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Female farmer harvesting success

Written by Albert Pule
An increasing number of South African women are helping government fight poverty and create jobs through their involvement in farming.

Over the years, government through the Department of Agriculture, Forestry and Fisheries (DAFF) has developed programmes aimed at empowering women in farming. One of these is the Female Entrepreneur Awards formerly known as the Female Farmer Awards.

Thandeka Moseki of Stella in North West is making a mark in the farming industry.The awards reward the efforts and contribution of women, young women and women with disabilities in matters of food security, job creation, economic growth and poverty alleviation in the sector. Since its inception in 1999, the programme has seen over 2 000 women farmers participate in the awards.

Vuk’uzenzele caught up with one of the women who is climbing up the ranks in the farming sector and was a winner at the Female Entrepreneur Awards.

Thandeka Moseki of Stella in North West tells us that her journey so far has not been easy but with the experience gained over the past few years she is confident that things can only get better.

Moseki was named the Best Subsistence Producer at the provincial Female Entrepreneur Awards. .  

This category is for beginners in the sector who demonstrate innovative and creative methods for improving food production, job creation and economic development. Moseki received R75 000 in prize money, a trophy and a certificate of recognition.

After taking top honours in the North West she went on to compete at the national awards where she won in the same category and pocketed R150 000, a certificate and trophy. She also won R500 000 worth of infrastructure.

Moseki started farming in 2011 after she bought Grootverdriet Farm 310 (Dirkiesrus) outside Stella. She does mixed farming, rearing small and large livestock units and produces vegetable crops that include spinach, tomatoes, green peppers, potatoes, cabbages and citrus.

Moseki said she did not think that she would get this far with her farming career especially because she made many mistakes in the beginning.

“I’ve made a lot of mistakes, from not knowing when and what to plant and mixing the wrong chemicals, but now I have a clear idea of what I’m doing,” she said with a smile.

She sells her produce to local shops, at pay points, schools and donates some to a local crèche. Moseki employs six people on the 36 hectare farm. The farm is home to 52 sheep, 18 lambs and 25 cows and has a borehole for irrigation and drinking water for her livestock.

Though she is working her way up the ranks, Moseki said the difficulties she has faced included access to capital, access to markets and being undermined by other farmers. These are just some of the obstacles that women farmers face.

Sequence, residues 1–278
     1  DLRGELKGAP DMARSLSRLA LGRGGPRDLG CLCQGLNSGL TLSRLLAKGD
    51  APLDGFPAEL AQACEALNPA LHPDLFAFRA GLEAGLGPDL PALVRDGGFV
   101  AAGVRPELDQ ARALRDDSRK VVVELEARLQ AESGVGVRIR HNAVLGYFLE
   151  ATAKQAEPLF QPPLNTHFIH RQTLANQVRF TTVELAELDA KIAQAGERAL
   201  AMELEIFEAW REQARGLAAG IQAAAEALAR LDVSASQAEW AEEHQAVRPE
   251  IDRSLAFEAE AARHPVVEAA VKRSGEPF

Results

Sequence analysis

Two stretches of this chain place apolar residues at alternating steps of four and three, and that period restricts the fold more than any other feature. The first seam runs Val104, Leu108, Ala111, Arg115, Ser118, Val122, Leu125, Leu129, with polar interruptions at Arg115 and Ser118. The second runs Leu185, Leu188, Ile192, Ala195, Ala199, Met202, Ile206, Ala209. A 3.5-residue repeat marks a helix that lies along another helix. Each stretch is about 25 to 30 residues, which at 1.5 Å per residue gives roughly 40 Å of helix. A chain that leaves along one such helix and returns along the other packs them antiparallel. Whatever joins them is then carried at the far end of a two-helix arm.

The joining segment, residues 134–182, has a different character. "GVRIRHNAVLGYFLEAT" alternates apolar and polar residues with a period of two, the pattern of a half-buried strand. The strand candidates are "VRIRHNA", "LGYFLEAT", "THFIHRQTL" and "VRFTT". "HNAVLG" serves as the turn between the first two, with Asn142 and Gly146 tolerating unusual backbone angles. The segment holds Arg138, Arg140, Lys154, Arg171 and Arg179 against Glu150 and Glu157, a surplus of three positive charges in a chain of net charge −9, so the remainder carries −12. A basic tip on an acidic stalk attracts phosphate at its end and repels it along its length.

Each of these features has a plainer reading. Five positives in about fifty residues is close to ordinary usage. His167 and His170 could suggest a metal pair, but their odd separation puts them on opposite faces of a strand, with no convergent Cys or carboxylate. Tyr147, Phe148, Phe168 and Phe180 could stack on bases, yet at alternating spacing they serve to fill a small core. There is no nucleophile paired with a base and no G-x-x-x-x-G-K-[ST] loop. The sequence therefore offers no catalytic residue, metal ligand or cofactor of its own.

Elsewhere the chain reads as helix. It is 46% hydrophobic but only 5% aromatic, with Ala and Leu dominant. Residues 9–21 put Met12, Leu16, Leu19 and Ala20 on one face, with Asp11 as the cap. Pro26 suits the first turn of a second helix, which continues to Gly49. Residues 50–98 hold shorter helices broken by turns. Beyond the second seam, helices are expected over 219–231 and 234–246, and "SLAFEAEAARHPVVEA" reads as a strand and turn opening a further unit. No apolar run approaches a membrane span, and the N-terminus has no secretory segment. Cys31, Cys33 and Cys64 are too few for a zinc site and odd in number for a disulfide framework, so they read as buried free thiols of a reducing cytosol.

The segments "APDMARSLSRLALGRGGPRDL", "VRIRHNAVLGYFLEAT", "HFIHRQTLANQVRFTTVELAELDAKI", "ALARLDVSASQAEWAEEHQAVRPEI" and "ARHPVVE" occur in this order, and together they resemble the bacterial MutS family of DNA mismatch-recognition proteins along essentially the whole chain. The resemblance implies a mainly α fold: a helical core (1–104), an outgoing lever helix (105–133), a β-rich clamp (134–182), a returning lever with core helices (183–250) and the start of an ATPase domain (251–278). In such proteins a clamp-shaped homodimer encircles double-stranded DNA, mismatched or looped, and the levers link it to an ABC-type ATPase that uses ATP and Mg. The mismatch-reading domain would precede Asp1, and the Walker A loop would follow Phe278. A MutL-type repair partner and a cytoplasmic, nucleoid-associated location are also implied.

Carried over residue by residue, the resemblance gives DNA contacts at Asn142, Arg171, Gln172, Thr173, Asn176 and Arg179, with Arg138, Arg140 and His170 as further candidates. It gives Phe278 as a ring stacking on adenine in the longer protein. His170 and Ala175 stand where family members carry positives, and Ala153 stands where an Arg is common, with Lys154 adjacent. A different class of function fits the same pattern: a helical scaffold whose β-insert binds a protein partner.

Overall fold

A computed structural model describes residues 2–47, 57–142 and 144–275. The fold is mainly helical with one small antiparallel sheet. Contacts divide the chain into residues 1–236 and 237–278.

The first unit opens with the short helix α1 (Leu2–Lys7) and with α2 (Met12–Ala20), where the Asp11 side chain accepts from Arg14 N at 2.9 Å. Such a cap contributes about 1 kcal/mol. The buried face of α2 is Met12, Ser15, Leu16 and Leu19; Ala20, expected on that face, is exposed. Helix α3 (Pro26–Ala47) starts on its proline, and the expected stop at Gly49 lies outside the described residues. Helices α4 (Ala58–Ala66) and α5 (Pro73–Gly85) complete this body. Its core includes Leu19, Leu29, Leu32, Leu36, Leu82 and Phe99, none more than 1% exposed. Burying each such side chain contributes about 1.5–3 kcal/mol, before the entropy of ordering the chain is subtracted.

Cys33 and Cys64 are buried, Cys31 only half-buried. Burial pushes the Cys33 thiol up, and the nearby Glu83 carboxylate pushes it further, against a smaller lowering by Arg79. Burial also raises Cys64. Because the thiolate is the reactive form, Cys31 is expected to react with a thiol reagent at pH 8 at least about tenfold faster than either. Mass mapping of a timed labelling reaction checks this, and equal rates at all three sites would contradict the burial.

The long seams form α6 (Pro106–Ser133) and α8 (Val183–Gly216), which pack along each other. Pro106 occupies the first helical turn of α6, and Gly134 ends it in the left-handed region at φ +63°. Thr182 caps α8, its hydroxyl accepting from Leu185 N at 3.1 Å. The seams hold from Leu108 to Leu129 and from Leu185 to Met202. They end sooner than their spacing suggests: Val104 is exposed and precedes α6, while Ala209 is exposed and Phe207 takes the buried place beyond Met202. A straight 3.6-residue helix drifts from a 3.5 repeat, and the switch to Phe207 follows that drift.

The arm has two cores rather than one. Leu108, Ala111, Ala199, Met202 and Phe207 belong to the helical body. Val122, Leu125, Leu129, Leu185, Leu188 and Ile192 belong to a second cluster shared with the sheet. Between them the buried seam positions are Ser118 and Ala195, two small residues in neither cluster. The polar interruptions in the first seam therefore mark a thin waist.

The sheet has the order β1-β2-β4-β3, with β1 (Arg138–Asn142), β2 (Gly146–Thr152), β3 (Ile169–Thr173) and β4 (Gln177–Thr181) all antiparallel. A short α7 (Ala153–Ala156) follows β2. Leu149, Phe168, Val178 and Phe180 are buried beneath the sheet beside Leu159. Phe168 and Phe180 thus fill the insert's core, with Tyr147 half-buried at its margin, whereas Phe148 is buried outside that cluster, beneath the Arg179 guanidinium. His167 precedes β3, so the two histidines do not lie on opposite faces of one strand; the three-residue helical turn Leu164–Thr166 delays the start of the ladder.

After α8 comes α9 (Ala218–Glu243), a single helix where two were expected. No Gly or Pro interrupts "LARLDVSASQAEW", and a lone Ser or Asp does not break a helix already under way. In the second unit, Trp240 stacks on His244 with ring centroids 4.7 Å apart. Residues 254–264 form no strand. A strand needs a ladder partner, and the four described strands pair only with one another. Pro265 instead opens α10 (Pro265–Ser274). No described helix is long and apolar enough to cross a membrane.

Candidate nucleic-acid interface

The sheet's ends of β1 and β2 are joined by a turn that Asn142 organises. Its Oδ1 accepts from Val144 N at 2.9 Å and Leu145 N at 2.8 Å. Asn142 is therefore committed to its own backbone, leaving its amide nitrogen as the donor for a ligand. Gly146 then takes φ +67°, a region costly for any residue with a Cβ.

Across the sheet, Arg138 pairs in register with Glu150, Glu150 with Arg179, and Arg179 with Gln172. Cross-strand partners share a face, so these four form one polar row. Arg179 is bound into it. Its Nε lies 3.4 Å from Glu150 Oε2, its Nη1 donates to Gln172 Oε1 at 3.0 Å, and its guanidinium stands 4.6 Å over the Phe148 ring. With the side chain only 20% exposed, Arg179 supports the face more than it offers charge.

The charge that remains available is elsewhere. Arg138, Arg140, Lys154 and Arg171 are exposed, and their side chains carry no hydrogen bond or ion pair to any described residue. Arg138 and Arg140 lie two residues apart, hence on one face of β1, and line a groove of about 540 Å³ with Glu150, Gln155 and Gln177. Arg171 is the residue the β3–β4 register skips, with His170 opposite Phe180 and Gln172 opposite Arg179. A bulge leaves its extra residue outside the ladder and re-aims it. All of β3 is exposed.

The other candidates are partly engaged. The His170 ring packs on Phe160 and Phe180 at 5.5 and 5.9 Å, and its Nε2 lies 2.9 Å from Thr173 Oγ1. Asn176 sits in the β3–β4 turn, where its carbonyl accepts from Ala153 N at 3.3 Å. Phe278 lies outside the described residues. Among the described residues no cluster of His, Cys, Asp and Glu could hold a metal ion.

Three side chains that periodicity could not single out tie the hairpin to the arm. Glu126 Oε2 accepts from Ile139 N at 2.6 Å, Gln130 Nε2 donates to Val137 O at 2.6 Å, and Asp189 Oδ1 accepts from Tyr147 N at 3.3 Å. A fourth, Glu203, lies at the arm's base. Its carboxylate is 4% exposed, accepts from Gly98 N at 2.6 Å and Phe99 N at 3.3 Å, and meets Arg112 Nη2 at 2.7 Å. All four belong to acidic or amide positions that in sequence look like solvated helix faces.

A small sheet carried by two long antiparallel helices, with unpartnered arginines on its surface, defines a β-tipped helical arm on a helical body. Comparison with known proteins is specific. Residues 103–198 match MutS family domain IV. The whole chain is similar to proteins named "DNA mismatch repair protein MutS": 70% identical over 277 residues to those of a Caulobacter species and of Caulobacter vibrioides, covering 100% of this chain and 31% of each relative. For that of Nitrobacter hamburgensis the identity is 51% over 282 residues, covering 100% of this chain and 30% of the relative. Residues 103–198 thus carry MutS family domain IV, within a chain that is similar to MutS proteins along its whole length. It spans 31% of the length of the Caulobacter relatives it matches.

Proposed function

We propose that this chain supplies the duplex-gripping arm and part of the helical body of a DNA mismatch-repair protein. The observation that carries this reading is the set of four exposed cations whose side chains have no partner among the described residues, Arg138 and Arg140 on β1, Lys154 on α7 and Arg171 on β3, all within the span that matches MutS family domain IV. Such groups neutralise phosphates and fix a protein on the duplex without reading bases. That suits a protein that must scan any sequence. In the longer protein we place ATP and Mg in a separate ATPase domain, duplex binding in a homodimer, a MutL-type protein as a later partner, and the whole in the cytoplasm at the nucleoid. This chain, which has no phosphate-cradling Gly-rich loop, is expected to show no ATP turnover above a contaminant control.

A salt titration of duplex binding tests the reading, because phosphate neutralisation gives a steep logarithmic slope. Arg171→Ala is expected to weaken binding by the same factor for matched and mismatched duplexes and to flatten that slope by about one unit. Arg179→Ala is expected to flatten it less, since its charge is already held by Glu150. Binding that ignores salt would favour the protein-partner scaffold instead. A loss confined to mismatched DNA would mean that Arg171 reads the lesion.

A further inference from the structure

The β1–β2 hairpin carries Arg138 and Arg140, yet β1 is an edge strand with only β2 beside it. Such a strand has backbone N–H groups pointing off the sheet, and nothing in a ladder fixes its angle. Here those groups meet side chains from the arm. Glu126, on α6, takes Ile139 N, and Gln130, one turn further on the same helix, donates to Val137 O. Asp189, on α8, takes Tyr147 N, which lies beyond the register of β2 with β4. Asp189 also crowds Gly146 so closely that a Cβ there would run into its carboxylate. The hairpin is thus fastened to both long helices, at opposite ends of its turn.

“These challenges motivate me and I will try by all means to work hard and make this a success. Challenges build me and make me a better person and I think it’s good that I’m dealing with them now while I’m still new in the field.”

She said she would use the R500 000 to make some improvements to the farm.

“That money from the department is meant to help with improving the infrastructure and that’s what I will use it for.”

Increasing knowledge

Since winning at the awards, Moseki has been hard at work improving her knowledge. She has attended a course on dealing with chicken broilers and recently attended a department-funded course on marketing.

“These courses have been helpful because I want to get into the business of selling chickens. The marketing aspect of the course I’ve been attending has also helped me and I’m learning from it.”

Success

She said one of the ingredients of her success so far has been hard work, dedication and mentorship from her neighbouring farmers.   

“They have been very helpful, I’ve got all their contact numbers and they said I can call any time if I need help.”

And help, they have. She recalls how her neighbour helped her choose the right chemical for potatoes.

She said farmers should stop relying too much on government and should step up and do things for themselves.

“We cannot all wait for government to do things for us; we must also play our part and know that government does not owe us anything.”

Moseki said in the next five years, she would like to export to the international market, a dream she is willing to work hard to realise.

“Let’s follow in the footsteps of our leaders who fought for our liberation. It is our turn to fight for our economy and create jobs,” she urged.

Farmers who have Moseki’s determination can help South Africa deal with the challenges of poverty and feed the nation.

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